Monday, September 8, 2008

~*~ Butterflies ~*~

Each time I take a trip to the library or I sit down and make lesson plans I try to think of something interesting, yet different for the kids to learn about. Butterflies are a hot topic at our house. Seeing how the girls outnumber the boys, there are usually ample shirts with butterflies, pretty hair clips with butterflies, or coloring books with butterflies! Here lately, Mistic has taken up "flying" to bed. She sleeps on the top bunk and when Daddy's home, he gently lifts her in the air as she flaps her hands, pretending to be a butterfly. So when I visited the library last week it was an easy decision as to what our "extra" lesson would be: Butterflies.

Our library does not usually carry a big selection on butterflies and when I checked the children's section all the books on butterflies were wordy and had few pictures. Seeing how none of the kids can read yet I knew that wouldn't do. So I visited the adult section, while there wasn't many options there were two big books that I walked away with. While they were still wordy, they had pages after pages of different kinds of butterflies. I knew this would be a hit!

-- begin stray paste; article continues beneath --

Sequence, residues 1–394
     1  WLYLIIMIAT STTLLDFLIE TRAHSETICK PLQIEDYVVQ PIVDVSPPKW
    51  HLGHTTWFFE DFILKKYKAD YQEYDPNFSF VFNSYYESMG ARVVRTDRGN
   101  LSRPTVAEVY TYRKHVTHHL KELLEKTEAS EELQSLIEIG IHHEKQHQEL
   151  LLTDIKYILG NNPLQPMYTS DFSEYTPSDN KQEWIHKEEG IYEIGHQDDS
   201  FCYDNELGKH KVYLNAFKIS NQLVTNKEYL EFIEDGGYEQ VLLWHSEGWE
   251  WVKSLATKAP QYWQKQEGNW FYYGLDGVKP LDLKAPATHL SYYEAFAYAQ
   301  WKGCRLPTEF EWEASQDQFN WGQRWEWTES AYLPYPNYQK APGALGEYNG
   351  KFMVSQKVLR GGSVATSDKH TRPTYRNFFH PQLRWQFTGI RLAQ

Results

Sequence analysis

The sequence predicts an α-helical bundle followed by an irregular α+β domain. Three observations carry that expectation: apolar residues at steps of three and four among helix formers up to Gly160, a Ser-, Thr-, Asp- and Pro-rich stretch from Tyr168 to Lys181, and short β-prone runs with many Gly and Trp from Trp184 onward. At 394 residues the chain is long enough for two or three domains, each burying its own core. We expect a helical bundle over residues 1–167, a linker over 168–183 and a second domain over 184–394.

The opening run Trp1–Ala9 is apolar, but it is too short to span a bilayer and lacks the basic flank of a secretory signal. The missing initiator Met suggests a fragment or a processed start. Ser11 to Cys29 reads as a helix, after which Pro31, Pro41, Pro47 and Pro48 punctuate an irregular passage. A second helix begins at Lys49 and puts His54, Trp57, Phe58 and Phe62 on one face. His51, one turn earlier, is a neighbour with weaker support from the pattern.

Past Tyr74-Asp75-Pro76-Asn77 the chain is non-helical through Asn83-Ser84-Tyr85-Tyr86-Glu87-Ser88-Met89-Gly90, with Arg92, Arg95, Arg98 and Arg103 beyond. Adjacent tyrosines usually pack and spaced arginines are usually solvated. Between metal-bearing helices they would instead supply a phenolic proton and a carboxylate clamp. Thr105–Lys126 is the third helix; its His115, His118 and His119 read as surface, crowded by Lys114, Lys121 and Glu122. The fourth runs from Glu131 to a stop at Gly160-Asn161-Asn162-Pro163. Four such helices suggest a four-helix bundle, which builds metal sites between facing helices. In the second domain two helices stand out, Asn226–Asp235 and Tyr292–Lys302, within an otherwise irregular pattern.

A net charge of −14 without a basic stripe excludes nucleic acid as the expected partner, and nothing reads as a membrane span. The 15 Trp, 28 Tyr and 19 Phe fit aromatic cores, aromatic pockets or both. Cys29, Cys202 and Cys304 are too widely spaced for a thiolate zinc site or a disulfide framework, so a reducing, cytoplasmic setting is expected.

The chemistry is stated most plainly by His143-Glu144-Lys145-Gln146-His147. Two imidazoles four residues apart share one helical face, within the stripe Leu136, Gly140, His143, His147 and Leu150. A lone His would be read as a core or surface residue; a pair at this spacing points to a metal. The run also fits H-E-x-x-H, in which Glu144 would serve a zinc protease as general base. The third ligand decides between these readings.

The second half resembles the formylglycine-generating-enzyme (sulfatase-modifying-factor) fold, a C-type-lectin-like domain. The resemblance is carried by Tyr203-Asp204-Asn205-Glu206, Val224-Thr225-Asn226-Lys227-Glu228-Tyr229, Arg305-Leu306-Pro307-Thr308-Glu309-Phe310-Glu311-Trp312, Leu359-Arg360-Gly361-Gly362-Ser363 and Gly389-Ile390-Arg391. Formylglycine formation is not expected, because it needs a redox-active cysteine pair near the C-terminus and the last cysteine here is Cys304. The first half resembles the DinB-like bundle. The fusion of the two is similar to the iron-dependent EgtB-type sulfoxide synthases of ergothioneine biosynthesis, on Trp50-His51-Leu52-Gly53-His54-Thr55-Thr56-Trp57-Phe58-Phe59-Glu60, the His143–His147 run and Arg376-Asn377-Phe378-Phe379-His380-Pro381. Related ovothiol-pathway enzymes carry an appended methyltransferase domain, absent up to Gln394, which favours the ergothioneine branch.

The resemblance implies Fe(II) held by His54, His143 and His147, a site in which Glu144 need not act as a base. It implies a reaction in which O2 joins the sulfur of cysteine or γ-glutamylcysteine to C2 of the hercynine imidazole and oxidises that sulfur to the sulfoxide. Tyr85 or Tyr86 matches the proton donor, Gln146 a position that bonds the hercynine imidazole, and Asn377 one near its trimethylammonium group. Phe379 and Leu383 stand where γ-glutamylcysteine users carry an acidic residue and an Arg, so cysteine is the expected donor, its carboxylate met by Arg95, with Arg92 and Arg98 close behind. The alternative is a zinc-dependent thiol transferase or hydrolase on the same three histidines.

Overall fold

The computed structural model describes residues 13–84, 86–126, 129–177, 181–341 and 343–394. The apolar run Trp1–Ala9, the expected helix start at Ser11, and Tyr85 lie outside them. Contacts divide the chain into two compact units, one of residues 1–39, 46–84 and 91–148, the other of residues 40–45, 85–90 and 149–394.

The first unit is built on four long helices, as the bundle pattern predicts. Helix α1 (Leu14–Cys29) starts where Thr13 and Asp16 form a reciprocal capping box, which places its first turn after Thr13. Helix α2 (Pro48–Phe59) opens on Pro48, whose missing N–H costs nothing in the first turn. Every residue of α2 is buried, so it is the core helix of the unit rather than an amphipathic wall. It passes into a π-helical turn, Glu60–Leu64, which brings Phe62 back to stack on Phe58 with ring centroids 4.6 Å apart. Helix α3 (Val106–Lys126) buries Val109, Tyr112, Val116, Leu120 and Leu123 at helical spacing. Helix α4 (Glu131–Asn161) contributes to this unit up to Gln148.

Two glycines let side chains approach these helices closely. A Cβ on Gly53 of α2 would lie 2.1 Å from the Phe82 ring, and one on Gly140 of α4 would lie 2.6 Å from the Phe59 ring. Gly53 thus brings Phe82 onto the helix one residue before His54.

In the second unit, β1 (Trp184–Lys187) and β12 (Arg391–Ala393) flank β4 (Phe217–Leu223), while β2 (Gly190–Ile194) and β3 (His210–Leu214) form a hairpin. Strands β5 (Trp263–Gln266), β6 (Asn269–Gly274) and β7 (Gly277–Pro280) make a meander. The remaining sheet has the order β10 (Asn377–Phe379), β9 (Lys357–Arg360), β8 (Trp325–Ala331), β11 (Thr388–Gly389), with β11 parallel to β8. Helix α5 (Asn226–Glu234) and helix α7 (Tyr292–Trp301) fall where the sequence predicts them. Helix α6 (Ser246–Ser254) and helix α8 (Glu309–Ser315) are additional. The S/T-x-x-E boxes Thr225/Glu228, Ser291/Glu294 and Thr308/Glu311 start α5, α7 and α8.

We started off our lesson learning how a butterfly became a butterfly. One of the books even had lots of pictures of caterpillars, even had pictures of the eggs! The kids thought it was cool how a baby caterpillar ate its way from the inside out of its shell, then ate the rest of its shell, and then turning to leaves or flowers. Mistic was particulary amazed at the "molding" (molting) process. Just think, the poor caterpillar eats and eats and eats, only to outgrow its skin- literally! The skin splits and out comes a bigger caterpillar. This happesn 4 or 5 times! Mistic was relieved that we don't go through a molting process! Can you imagine?! We then proceeded to the cocoon stage. A neat fact that we learned was after crawling from the cocoon the butterfly hangs suspended and pumps blood into the veins of its soft, crumpled wings, which then begin to harden. After an hour or more the butterfly is ready for its first flight. The girls liked enacting this out.

I enjoyed this study and so did the girls. It was wonderful to find the kind of books that had pictures for each stage. It helped keep their attention.

The fun didn't stop there though! I logged onto one of my favorite websites: DLTK Teach and found a neat butterfly craft to do! We dug out the glitter and glue and had a blast!


Sarah said...

That sounds like so much fun :)

Sarah said...

The butterflies are pretty!

P.S. I left an answer for your pears in the comment section of my blog.


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